Number 12: the two-room deep plan-form survives, the majority of which is consistent with a late-C18 or early-C19 date. The north room retains the original quarter winder stone staircase, set behind a partition and against the west wall. It also retains a large re-used spine beam, with rafter mortices exposed. The south room has squared ceiling beams. Both rooms each have one monolithic sandstone fireplace, and the south has flanking built-in stone cupboards. Joinery mostly dates to the construction of the cottage, and includes the south room with panelled splayed window and leafs of hinged shutters; simple moulded oak architraves; re-used agricultural timbers as door lintels; a couple of plank and batten doors with original hinge straps and handles, and a two panelled cupboard door with HL-hinges and handles.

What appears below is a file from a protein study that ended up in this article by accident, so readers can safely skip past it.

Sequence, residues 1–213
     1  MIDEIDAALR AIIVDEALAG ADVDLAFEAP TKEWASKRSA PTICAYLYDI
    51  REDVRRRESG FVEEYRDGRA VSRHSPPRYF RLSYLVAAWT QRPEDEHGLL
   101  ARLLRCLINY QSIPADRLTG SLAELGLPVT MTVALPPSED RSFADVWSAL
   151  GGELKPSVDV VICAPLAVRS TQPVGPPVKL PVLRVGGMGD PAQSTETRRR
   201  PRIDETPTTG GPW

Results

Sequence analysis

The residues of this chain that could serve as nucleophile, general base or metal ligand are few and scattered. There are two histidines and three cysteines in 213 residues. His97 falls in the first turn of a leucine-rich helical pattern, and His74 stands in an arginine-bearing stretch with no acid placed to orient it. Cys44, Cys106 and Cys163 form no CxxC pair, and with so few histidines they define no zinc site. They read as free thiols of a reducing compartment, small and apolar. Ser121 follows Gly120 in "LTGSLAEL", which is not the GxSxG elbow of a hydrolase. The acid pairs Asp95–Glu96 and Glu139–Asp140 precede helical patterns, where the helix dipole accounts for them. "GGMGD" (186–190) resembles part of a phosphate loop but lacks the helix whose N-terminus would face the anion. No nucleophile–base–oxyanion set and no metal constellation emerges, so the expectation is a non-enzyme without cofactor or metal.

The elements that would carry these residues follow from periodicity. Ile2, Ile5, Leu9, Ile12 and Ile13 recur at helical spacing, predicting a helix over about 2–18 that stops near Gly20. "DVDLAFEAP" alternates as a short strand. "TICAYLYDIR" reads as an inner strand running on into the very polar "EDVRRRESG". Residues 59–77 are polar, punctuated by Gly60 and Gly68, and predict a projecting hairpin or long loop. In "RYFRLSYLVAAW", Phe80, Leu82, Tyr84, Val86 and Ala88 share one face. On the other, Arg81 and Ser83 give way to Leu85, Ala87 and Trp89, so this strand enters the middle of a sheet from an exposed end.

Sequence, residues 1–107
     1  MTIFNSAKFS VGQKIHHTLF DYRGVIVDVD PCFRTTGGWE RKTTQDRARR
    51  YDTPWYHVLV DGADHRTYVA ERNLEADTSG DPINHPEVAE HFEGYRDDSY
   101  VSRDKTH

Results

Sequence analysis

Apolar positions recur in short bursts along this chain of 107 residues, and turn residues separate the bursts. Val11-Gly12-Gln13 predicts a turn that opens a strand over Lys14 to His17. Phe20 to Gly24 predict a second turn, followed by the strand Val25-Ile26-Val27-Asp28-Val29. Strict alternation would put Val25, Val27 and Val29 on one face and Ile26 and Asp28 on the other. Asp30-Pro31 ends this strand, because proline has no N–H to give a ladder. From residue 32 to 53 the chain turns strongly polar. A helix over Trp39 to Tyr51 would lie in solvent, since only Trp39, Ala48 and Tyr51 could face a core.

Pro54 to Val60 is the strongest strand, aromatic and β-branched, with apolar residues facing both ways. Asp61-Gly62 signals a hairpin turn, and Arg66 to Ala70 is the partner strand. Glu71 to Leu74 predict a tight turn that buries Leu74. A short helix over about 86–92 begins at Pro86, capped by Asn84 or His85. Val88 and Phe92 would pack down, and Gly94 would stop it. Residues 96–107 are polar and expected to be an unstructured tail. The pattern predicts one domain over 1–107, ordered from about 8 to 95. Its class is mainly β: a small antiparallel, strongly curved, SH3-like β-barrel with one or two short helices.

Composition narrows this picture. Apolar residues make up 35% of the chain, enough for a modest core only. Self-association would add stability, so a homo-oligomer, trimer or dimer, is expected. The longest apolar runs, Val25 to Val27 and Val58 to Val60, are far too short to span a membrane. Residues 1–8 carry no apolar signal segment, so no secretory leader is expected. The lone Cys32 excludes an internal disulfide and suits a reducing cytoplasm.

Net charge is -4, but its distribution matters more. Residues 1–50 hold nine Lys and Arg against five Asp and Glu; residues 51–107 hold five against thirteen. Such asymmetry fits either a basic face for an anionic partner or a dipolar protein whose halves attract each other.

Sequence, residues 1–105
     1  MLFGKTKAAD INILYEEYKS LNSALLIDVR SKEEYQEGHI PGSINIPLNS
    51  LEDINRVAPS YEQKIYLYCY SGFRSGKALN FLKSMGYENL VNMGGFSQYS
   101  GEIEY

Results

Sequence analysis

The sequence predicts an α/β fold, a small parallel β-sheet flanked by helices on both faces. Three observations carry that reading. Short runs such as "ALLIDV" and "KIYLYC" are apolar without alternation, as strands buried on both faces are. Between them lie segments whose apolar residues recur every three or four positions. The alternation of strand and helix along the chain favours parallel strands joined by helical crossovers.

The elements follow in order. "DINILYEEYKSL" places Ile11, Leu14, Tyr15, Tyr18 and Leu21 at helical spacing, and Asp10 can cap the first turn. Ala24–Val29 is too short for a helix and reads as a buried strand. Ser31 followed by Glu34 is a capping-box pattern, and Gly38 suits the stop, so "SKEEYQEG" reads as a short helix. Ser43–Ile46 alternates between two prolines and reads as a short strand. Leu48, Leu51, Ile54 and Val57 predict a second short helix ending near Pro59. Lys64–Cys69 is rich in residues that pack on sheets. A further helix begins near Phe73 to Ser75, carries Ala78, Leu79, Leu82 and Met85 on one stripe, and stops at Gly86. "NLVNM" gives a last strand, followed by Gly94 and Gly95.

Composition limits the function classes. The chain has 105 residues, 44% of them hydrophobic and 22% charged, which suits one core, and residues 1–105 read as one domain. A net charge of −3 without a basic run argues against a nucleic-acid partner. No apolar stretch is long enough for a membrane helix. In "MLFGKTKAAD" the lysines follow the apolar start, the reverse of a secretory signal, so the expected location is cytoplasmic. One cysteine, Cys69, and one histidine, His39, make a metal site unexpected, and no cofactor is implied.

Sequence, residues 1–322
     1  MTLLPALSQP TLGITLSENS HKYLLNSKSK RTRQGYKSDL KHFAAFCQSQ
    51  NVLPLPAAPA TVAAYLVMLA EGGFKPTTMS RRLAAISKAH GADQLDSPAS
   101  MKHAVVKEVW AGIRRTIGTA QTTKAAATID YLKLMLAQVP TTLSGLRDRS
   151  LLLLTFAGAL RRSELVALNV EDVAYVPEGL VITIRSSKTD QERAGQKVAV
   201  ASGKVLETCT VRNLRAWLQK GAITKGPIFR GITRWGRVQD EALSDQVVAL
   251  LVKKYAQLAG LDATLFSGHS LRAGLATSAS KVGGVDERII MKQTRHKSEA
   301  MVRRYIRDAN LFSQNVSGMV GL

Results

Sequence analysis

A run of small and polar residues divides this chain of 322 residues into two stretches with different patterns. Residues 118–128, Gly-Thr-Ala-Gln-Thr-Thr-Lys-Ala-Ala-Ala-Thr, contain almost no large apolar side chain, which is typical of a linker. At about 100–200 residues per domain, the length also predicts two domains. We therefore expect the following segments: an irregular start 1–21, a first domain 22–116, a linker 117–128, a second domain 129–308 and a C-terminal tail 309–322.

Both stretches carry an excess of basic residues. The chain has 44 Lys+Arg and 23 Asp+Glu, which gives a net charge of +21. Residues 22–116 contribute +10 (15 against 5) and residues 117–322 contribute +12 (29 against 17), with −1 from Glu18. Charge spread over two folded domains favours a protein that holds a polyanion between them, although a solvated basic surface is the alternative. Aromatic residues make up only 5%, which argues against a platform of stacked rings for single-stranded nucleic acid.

Number 14: the two-room deep ground floor plan survives, the majority of which is consistent with a late-C18 or early-C19 date. A central straight stone staircase is set between the spine walls of the ground floor north and south rooms, and beneath is a flagged cupboard. The south room retains squared ceiling beams, and has a monolithic sandstone fireplace surround, with flanking built-in stone cupboards, that to the east concealed behind plaster. A late-C19 partition forms a passage from the external southern door. Following C20 subsidence, panelling has been inserted between the exposed square beams in the south room. The two room deep first floor plan has been adapted, with the insertion of stud partitions to create three rooms and a bathroom. The central room (former south room) retains a monolithic sandstone fire surround. The roof structure is reported to be queen post, with roman numeral carpenters’ assembly marks. The joinery is mostly original, the majority dating to the construction of the cottage and include: simple moulded oak architraves; plank and batten doors across both floors, with original hinge straps and handles and re-used agricultural timbers, some with exposed mortices, as door lintels. C19 ground floor features include an under-stairs pantry with four-panelled door, brass handle and the letters WT engraved in the right panel. The initials match a wedding stone re-set into patio steps. The pantry has C19 L-bracket shelving. On the first floor C19 features include a square window set in the internal spine wall of the first floor north room, with glass retained behind wallpaper.